Tange's Building

Tange''s career as an architect may be divided without excessive oversimplification into four phases, which are, of course, linked by his private attitudes and disciplines and merge into one another. When he first opened private practice in Tokyo and began his postponed career in building he was thirty-seven, which meant he was young enough to want to experiment and old enough to be respectful of experience. Thus, in the early years two phases alternated. In one phase, conventional rectangular forms and conservative structural frames were impeccably planned with precocious poise and developed a detached sense of repose. The smell of tradition is most noticeable in this phase, which includes the Hiroshima Peace Museum, Tokyo City Hall, and Tange's own home.

In the second, but simultaneous, style of his work, Tange became a prominent member of the international avant-garde of the time, alert to all the potential excitement of shell concrete, plastic form, and advanced geometry. Early trophies of his adventures in this phase are the Children's Library at Hiroshima, designed in his first year of practice, and the Ehime Convention Center of a year later. This phase soon passed, although as late as 1955 he designed the Shizouka Convention Hall, the best example of all its warped- plane roof.

However, even while his interest in plastic shapes faded, the emphasis on structure which marked these experiments was passed on and absorbed into his more restful rectilinear forms, to produce the third Tange phase. This could be called his trabeated phase: his beam period. Super-heavy beams of concrete are square cut, articulated, crossed and projected like giant lumber planks. Most of his buildings between 1955 and 1960 glorified the concrete beam, nowhere more effectively than in the Kagawa office building at Takamatsu.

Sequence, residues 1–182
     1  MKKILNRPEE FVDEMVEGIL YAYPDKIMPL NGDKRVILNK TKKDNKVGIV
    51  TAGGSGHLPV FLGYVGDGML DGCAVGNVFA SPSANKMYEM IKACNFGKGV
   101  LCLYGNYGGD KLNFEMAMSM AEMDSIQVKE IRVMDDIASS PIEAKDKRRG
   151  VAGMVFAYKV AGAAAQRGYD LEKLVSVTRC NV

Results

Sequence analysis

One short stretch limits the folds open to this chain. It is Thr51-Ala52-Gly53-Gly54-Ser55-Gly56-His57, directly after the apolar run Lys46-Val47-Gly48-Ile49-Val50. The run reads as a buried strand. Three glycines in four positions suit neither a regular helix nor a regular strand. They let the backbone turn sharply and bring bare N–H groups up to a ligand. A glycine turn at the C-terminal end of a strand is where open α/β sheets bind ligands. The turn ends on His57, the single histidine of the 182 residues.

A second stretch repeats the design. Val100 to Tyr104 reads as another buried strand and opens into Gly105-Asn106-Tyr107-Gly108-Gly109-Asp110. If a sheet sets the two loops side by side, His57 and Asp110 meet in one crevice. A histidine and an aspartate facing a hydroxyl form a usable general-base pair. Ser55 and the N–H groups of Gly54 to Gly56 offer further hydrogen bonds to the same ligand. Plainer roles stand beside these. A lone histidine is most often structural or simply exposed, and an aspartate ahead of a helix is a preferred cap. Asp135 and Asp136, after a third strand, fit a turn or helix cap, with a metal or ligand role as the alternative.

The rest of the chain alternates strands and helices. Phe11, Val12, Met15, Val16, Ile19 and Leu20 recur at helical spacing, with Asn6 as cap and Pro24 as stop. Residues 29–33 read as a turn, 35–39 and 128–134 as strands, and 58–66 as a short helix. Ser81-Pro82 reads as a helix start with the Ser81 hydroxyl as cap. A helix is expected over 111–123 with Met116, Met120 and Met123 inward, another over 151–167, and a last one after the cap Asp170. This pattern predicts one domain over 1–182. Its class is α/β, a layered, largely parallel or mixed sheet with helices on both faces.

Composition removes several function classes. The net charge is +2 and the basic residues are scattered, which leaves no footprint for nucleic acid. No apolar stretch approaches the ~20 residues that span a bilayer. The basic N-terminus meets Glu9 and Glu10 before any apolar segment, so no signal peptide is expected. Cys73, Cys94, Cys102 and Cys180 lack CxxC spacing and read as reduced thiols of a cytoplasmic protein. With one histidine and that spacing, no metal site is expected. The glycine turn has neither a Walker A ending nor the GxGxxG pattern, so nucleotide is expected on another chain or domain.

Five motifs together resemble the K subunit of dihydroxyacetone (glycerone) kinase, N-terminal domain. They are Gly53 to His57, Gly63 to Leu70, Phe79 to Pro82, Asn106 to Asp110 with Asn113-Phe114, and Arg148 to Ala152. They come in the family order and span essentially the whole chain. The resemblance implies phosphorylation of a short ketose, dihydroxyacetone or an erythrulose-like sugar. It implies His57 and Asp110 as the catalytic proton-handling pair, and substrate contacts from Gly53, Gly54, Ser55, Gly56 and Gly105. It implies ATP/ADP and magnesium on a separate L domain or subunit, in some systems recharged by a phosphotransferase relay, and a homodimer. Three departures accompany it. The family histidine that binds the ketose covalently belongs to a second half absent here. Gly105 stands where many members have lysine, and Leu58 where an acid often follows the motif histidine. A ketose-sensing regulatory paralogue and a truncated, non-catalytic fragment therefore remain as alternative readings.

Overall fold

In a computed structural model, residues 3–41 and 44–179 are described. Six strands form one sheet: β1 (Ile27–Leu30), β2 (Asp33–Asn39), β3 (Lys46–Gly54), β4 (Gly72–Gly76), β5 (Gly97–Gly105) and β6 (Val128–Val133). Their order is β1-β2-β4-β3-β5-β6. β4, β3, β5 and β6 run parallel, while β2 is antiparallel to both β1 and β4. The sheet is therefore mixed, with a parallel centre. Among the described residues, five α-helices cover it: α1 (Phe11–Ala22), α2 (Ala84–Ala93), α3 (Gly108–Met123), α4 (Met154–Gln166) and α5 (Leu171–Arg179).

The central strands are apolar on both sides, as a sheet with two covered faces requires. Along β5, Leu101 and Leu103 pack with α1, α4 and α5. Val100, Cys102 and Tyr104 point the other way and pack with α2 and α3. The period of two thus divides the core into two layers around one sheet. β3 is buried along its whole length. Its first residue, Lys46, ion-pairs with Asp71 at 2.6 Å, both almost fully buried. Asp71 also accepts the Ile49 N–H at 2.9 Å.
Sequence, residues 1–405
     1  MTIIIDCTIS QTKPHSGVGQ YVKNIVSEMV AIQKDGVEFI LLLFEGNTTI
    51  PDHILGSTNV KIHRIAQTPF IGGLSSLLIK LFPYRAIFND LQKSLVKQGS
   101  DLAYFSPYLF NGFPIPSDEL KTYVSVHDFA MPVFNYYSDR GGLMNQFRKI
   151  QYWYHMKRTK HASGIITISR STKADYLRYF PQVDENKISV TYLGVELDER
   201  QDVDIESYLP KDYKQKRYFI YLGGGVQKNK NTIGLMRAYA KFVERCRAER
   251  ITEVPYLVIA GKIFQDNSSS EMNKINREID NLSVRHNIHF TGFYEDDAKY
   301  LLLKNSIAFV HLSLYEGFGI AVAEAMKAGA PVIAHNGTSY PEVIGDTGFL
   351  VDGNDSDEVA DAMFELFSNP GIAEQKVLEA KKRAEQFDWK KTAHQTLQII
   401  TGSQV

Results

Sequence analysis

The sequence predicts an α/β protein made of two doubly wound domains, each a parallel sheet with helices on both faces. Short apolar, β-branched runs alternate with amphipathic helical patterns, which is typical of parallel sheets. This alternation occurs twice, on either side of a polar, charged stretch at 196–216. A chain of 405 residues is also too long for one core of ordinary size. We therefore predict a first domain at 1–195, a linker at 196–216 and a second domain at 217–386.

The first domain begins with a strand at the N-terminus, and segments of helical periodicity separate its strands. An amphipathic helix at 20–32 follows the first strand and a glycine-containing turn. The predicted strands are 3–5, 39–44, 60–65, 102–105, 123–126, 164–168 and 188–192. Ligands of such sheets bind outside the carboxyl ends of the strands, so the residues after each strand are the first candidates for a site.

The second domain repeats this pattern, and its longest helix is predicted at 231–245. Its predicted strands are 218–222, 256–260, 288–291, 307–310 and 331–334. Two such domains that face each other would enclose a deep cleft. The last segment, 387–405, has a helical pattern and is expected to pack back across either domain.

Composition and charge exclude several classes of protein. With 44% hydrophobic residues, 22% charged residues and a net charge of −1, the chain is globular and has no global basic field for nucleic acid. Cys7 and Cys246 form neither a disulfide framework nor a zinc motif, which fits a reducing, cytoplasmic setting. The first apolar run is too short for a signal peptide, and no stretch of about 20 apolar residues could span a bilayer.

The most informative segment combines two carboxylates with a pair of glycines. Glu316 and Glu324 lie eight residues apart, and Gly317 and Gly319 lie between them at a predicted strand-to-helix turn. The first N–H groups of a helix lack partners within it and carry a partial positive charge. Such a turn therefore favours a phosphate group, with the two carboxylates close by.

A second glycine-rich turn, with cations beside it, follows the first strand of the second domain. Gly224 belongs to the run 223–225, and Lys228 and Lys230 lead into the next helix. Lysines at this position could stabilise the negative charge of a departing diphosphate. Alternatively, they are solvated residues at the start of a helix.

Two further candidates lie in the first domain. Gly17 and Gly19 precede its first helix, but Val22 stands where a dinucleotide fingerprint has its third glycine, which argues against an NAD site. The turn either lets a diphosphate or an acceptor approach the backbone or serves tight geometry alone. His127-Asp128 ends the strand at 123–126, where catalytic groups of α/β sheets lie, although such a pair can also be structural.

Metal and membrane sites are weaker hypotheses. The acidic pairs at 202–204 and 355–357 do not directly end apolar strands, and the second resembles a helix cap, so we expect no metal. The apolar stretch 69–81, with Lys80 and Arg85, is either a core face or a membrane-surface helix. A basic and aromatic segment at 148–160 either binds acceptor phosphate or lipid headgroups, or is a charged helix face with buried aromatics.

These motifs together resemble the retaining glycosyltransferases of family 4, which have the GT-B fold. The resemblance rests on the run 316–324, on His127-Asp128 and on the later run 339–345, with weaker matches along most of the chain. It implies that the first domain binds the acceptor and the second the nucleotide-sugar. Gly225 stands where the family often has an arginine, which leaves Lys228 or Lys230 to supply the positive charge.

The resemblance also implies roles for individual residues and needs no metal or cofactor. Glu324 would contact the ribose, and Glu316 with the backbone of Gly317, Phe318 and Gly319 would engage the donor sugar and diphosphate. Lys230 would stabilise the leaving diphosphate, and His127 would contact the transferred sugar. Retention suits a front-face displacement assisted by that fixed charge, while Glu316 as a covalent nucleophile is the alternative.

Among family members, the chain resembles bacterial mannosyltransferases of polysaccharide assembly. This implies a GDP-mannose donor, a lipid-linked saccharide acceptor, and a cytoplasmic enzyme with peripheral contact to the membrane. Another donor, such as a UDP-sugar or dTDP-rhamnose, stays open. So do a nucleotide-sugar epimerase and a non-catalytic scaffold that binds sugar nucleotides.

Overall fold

Tange's fourth and present phase is a logical extension of the last. The solid concrete structure is no longer merely accentuated in details like the main beams, the roof, and balustrades. It dominates completely so that massive concrete is the sole visible medium. Windows as such disappear, recessed somewhere behind horizontal slits between hefty planks. The building becomes all structure, with a primitive, almost elemental air, like a log cabin. The purest expression of this phase so far is the Kurashiki City Hall. Other projects now on the drawing board suggest that a fifth and even bolder phase will soon appear.

A detailed view of Tange's development, and of the par-

-25-

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Kenzo Tange
Table of contents

Table of contents

  • Title Page 5
  • Contents 7
  • Tange and Japanese Architecture 9
  • Tange's Building 25
  • Notes to the Text 46
  • Creation in Present-Day Architecture and the Japanese Tradition 113
  • Biographical Chronology 118
  • Chronology of Buildings 119
  • Bibliography 120
  • Index 122
  • Illustration Credits 126
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